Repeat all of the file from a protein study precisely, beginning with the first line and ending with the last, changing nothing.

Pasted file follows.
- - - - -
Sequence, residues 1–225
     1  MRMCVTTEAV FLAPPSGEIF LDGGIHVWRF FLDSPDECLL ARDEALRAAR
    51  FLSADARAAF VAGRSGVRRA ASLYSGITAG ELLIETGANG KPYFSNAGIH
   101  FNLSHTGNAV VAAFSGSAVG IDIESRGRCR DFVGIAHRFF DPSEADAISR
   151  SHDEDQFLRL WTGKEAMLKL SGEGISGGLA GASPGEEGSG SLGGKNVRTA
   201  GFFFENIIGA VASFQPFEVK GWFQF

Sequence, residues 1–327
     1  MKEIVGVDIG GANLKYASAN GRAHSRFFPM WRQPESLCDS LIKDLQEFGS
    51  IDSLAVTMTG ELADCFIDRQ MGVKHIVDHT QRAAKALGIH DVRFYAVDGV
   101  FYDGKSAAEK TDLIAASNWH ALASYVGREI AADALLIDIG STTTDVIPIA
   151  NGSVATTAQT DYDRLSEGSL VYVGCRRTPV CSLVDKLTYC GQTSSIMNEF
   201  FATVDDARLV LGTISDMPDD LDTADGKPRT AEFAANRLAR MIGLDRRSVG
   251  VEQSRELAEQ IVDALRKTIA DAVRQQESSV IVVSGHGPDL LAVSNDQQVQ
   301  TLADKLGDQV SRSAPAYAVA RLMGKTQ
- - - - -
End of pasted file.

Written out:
Sequence, residues 1–225
     1  MRMCVTTEAV FLAPPSGEIF LDGGIHVWRF FLDSPDECLL ARDEALRAAR
    51  FLSADARAAF VAGRSGVRRA ASLYSGITAG ELLIETGANG KPYFSNAGIH
   101  FNLSHTGNAV VAAFSGSAVG IDIESRGRCR DFVGIAHRFF DPSEADAISR
   151  SHDEDQFLRL WTGKEAMLKL SGEGISGGLA GASPGEEGSG SLGGKNVRTA
   201  GFFFENIIGA VASFQPFEVK GWFQF

Sequence, residues 1–327
     1  MKEIVGVDIG GANLKYASAN GRAHSRFFPM WRQPESLCDS LIKDLQEFGS
    51  IDSLAVTMTG ELADCFIDRQ MGVKHIVDHT QRAAKALGIH DVRFYAVDGV
   101  FYDGKSAAEK TDLIAASNWH ALASYVGREI AADALLIDIG STTTDVIPIA
   151  NGSVATTAQT DYDRLSEGSL VYVGCRRTPV CSLVDKLTYC GQTSSIMNEF
   201  FATVDDARLV LGTISDMPDD LDTADGKPRT AEFAANRLAR MIGLDRRSVG
   251  VEQSRELAEQ IVDALRKTIA DAVRQQESSV IVVSGHGPDL LAVSNDQQVQ
   301  TLADKLGDQV SRSAPAYAVA RLMGKTQ